[Members of the Englewood High School football team sitting in three rows in front of a building].
Chicago Daily News, Inc., photographer. CREATED/PUBLISHED 1918.
Informal full-length group portrait of members of the Englewood High School football team sitting in three rows in front of a building in Chicago, Illinois. One of the team members is African American. Included are: Vickers, Johnston, Kirkhoff, Bryson, Atkinson, Carroll, Epstein, Freed, C. Johnson, Sims, Pavlik, Jandecek. Chicago Historical Society, Clark Street at North Avenue, Chicago, IL 60614-6071.
Bronzeville conversation with Ernest Outlaw, Englewood Eagle
by Charles Walton
Ernest Outlaw, bass, died on July 12, 2003. He performed for more than 50 years throughout the US, including 25 years at the Playboy Club in downtown Chicago. I knew Outlaw before his Playboy years and we hung out together and talked about music, musicians, and many things. Believe me, he had many stories about everything and everyone.
I was born in Chicago in 1928 on June 28. I discovered later, that was the same day Louis Armstrong recorded ‘West End Blues.’ I began taking clarinet lessons while attending the Betsy Ross elementary school. During those days I met Jay Peters, saxophone, and John Avant, trombone, who were older and attending Englewood High School. We were studying with the same music teacher and became good friends.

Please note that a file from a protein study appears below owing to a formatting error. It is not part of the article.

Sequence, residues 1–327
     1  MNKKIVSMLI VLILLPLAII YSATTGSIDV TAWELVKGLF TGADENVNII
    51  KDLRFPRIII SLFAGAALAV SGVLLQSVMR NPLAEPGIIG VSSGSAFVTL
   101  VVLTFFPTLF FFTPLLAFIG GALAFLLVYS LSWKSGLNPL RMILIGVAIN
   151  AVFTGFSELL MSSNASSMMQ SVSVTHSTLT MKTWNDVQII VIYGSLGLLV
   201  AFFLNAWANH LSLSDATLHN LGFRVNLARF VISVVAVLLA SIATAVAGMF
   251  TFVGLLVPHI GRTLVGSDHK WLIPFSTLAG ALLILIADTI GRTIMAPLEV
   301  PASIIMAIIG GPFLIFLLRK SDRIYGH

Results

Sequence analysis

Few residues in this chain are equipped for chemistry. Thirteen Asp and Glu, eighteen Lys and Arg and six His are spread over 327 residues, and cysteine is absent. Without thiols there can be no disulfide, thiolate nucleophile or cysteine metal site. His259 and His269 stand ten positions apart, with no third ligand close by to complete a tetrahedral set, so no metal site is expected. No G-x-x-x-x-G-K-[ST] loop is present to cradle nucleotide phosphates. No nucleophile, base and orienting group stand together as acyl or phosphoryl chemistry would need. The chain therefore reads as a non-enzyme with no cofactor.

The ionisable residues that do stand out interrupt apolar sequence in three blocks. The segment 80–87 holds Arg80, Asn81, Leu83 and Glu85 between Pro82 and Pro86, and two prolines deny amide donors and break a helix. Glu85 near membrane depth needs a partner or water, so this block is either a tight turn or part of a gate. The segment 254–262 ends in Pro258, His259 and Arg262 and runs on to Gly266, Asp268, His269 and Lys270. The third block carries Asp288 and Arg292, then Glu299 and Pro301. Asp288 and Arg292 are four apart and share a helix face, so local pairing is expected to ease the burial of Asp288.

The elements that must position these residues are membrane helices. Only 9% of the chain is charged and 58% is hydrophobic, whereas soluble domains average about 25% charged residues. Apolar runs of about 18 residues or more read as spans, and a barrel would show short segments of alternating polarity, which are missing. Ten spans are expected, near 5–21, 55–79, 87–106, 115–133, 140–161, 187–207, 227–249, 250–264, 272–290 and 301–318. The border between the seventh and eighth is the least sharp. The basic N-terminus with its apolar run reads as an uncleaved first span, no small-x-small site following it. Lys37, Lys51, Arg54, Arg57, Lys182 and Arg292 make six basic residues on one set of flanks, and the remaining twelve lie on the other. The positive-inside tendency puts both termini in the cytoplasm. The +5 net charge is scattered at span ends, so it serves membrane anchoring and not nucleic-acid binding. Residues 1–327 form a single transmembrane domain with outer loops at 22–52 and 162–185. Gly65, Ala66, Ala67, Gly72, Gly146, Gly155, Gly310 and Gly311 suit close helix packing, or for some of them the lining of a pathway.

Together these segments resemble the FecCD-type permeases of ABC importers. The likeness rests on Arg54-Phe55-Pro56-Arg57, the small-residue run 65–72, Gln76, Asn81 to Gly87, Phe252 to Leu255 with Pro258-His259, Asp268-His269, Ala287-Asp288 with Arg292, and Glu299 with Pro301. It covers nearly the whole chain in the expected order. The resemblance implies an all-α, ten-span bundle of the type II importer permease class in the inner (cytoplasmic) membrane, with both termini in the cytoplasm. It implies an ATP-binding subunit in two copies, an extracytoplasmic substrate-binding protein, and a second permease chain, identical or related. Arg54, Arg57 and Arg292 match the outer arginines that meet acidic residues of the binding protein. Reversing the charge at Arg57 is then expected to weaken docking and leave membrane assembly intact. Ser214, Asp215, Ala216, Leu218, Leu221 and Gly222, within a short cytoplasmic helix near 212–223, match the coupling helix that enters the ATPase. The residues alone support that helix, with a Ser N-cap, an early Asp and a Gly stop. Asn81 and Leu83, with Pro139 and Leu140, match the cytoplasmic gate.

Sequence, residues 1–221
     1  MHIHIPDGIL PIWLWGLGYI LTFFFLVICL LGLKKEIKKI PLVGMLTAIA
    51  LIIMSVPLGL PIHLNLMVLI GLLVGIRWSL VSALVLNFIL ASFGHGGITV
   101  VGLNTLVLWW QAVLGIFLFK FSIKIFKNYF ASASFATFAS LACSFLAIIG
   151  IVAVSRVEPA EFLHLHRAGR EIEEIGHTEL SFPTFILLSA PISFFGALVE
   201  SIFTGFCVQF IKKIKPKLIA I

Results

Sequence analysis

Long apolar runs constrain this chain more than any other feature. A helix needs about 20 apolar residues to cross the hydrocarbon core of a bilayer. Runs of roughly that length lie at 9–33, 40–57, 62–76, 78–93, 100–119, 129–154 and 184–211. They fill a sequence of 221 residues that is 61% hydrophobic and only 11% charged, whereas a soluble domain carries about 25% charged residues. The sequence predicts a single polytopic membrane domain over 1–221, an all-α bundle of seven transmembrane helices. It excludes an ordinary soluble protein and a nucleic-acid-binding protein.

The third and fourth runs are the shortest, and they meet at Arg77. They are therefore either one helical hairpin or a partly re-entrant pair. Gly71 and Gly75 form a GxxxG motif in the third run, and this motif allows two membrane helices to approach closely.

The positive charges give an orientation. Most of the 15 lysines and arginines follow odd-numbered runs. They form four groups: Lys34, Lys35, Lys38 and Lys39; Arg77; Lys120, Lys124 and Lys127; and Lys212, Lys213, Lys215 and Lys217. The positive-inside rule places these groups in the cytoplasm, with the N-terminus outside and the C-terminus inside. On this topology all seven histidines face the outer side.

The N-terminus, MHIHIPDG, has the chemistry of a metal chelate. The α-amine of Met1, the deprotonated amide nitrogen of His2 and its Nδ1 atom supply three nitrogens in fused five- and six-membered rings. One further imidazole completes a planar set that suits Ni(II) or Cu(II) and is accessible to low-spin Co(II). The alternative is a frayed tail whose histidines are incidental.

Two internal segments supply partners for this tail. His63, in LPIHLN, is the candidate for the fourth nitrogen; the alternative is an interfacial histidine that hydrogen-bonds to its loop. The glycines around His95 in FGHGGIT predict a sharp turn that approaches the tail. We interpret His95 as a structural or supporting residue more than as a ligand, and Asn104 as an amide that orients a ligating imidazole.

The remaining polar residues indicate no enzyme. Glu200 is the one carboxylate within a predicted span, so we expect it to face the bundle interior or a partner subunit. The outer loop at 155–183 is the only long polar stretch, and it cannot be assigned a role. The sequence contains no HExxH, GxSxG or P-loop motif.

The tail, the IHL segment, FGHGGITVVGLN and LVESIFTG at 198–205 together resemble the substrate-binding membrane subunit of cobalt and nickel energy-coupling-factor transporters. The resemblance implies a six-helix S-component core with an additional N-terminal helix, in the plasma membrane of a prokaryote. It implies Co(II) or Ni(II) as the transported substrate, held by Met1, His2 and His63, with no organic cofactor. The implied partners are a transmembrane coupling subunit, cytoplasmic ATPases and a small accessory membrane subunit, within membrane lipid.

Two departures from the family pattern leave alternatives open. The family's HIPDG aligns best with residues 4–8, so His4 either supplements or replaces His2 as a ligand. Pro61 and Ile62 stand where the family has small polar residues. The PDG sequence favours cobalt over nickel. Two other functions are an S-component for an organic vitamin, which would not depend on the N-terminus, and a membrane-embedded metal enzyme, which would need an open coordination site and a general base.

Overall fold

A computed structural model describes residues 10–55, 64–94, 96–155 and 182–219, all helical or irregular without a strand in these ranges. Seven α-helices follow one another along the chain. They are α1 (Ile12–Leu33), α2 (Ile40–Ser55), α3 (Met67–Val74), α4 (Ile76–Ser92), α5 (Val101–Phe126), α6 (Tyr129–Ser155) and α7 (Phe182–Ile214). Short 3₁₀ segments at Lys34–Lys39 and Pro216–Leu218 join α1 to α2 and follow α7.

When it was time for me to go to high school, I had been taking lessons so I could already play the clarinet somewhat. Jay and John advised on me how to fill out my school program so I could get in the Englewood High School senior band. Fortunately, I was accepted. There I got to know Jimmy Taylor, alto sax, who played in the Rhumboogie Club after high school. He was the first to tell me how well Charlie Parker played. Parker was with the Jay McShann Band.
A relative of Jay McShann, Teresa McShann, lived in my apartment building
in Chicago on the third floor. I also met others who knew the band members and
they would relate many stories about the band. Early on, I heard recordings of
Charlie Parker and copied some of his solos, but I had no idea of what he would
become. I thought of him as a giant behind Johnny Hodges and Benny
President Bill Clinton visits Englewood 1999 http://clinton3.nara.gov/WH/New/html/19991108_1.html